Wednesday, June 21, 2017

Mindreading 101

Coming from private practice, I found that mindreading was never necessarily one of the mandatory skillsets for success.  Clients always told you want they wanted. Loudly, repeatedly, perpetually, urgently. Some mindreading of the judge could be helpful, but that skill was fleeting, especially for those who subscribe to the “legal realism” theory of jurisprudence.  In private practice, mindreading would never triumph over knowledge, good preparation, hard work, stellar communication and a little bit of luck.

As I’ve just passed my one-year mark here as the VBA Director of Education and Communication, I realize we, the bar association and our esteemed Board of Managers, endeavor to mind-read. All the time.  The Board meets monthly and is always discussing possible ways to improve the member experience.  The Board also has its “annual retreat,” and while it was a sad day when I learned that the retreat had nothing to do with spa treatments, outdoor adventures and cocktails, the retreat is essential to our growth and function as an organization.  At the annual retreat last week, the Board got a new primer and refresher on all of the VBA’s services, benefits and programs and got to discuss the future for our members, as it always does. 

When discussing the future of the profession and the association, a certain level of prognosticating is, of course, in order.  But when you couple that with trying to read the minds of 2,300 members, it becomes quite daunting.  We try to get into the minds of our members, but even at our most clairvoyant moments, we are destined to periodically come up short due to the diverse interests of our members.  Meeting survey responses are often frustratingly hysterical: best CLE options ever/worst CLE options ever; more substantive law sessions/more law practice management sessions; great food/horrible food; more family law/less family law; more social events/we only have time for CLEs; more top-notch entertainment/we’d rather see entertainment with just family or friends; more wellness/less wellness and the dichotomies go on. Trying to please 2,300 members at least keeps us forever on our toes!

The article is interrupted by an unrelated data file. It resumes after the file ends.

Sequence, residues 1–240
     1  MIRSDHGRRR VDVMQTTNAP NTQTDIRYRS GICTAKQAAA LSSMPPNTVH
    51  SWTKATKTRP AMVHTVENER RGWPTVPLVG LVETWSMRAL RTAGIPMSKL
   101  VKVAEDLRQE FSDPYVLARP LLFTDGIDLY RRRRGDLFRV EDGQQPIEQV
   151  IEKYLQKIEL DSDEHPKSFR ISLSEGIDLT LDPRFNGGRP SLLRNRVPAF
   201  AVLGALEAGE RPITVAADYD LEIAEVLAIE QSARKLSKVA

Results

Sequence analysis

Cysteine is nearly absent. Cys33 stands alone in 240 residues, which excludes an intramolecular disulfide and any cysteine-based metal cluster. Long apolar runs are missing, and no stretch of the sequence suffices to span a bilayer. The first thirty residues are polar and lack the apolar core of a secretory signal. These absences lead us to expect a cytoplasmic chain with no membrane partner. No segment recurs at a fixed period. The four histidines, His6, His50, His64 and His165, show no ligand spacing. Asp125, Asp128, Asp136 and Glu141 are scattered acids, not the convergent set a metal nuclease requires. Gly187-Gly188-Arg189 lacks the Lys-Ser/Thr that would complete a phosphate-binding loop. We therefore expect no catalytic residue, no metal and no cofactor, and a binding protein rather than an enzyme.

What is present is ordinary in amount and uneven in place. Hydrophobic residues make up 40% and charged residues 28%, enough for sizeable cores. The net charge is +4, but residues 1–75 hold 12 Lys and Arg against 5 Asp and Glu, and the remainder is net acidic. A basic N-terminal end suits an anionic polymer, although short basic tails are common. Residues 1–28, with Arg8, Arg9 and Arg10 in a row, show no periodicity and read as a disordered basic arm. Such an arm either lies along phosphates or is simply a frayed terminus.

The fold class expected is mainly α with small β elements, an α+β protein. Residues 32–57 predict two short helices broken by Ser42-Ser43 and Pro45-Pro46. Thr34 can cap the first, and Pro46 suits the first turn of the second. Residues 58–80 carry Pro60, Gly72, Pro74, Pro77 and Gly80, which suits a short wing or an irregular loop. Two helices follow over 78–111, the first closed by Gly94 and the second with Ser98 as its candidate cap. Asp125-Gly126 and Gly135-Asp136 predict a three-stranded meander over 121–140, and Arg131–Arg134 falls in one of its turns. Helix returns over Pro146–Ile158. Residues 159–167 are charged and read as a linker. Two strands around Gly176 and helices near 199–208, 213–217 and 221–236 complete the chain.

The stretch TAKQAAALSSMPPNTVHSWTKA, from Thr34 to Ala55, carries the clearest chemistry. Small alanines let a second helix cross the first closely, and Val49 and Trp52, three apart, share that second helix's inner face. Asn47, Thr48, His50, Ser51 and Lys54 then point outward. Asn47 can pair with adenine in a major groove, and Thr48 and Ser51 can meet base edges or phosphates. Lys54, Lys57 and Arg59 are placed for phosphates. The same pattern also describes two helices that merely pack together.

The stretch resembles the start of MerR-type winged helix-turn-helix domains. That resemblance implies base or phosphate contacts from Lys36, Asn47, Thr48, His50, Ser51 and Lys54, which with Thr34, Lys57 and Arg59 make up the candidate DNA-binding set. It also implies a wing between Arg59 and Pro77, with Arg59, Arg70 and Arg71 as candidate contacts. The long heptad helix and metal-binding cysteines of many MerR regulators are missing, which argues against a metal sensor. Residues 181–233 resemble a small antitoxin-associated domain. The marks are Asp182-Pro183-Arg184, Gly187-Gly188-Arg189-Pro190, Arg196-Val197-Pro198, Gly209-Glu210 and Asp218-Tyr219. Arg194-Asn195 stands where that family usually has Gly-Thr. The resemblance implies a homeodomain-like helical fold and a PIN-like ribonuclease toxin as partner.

As I embark upon another year here at the VBA, please be reminded that the VBA is here to help you help people.  We are here to help you become more knowledgeable, more efficient, more connected with your community and with other lawyers.  Our job is to help you do yours and to help you compete effectively in the legal market.  But our mind-reading skills are lacking.

 If there are topics you feel are worthy of CLE programs, please tell your section chair, tell me, talk about it on VBA Connect and share with your colleagues. 

If there is a new technology, software, app or product that you believe will make your practice more efficient, post to the technology community on VBA Connect or email me and we can see if we can get a group discount, presentation or product review from other members.

I often wonder how we ever functioned without the collective wisdom that the robust Internet provides.  Soon, our thoughts about VBA Connect’s online communities will be no different.  To further curtail the need to mind-read, we are again due for a broad membership survey to canvas our members’ wants, needs and expectations.  If you take the time to respond, we will endeavor to make it worth your while.

Email your wisdom, suggestions, stories, requests or thoughts to jeb at vtbar dot org.

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